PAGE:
Gospel & Culture blog
“Probably the most controversial idea of the Church Growth Movement was the elaboration of the Homogeneous Unit Principle (HUP)” (Pickett, 2015, p. 178). The HUP states “People like to become Christians without crossing racial, linguistic or class barriers” therefore “conversion should occur with the minimum of social dislocation” (McGavran, 1990, p. x). That is, church planting efforts should focus on “homogenous units” which McGavran defines as “simply a section of society in which all the members have some characteristic in common” (1990, p. 85). McGavran avers “the great obstacles to conversion are social, not theological” (p. 156). People will not give a church a fair hearing if they stick out in the congregation like a sore thumb. Birds of a feather flock together.
The HUP is a product of the discourse of contextualization and the notion of people groups: The gospel must be presented to people in ways that are culturally familiar to them, including indigenous language, worship style, architecture, and so on. The HUP suggests that church growth efforts will be most effective if they are directed at homogenous units (which can be taken to mean ethnolinguistic people groups).
It is significant that the HUP was conceived by missiologists who worked in India, since India is one of the most socially stratified nations. Caste identity can significantly limit South Asian’s interactions with others who are of higher or lower standing. Therefore, it would seem, church ministry would be easiest among people of the same caste. The HUP suggests that church planting efforts should focus on these homogenous units, like the Dalits or the Brahmins.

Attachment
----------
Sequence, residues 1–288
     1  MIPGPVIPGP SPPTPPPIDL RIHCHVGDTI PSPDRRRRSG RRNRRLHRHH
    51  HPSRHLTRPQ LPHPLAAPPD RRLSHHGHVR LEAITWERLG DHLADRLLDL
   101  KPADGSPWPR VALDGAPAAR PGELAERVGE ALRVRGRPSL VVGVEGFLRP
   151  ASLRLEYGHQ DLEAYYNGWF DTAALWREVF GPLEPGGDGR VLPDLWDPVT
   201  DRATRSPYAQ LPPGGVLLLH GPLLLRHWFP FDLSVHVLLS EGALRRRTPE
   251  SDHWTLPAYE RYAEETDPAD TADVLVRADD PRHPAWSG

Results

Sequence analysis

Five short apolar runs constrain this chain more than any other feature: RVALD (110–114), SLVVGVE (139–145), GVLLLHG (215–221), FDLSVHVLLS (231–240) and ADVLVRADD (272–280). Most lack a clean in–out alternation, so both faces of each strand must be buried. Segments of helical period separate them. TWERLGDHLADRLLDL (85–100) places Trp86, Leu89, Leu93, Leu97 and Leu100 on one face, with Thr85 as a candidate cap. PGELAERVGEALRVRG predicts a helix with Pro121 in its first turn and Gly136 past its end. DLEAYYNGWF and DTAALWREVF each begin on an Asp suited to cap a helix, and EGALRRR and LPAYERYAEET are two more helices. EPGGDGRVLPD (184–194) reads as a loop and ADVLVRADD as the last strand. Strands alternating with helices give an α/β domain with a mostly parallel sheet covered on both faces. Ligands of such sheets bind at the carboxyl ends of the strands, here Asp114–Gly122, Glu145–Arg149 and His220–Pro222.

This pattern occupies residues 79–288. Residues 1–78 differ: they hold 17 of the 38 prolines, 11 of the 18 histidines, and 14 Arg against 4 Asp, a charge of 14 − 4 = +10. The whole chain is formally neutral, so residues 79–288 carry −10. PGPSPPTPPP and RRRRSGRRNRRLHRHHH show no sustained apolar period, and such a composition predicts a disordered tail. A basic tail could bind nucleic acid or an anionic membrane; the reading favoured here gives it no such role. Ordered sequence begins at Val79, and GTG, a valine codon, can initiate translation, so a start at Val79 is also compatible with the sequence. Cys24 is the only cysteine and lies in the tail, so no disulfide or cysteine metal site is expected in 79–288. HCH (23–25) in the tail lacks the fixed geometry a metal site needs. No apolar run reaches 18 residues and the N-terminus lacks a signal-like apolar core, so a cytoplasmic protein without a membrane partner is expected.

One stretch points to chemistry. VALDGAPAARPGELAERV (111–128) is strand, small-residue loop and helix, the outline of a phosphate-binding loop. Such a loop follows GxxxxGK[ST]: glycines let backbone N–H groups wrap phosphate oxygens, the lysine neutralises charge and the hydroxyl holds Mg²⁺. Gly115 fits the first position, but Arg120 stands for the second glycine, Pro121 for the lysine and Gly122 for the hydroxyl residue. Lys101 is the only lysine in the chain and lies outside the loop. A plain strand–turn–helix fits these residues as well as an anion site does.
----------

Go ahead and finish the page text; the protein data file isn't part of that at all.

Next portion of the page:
The HUP is so controversial because it seems to subvert the value of diversity, the cross-pollination of theological thought, and the unity of the body of Christ. This emphasis on distinct worshipping communities may seem to contrast Galatians 2:28, “there is neither Jew nor Gentile, neither slave nor free, nor is there male and female, for you are all one in Christ Jesus” (NIV). Yet, Wagner (1978) argued, “Gentiles do not have to become Jews, females do not have to become males… in order to enter into and share the blessings of God's Kingdom” (p. 18). The HUP was meant to reify cultural difference, not to cause cultural divisions. As Steffen (2011) mentioned, “McGavran believed the homogeneous unit was a necessary starting point. He also believed it was not the end point. Homogenous churches could and should eventually become more heterogeneous” (p. 28).
Kenneth Nehrbass, Ph.D.
Associate Professor at Biola University, Author, Pastor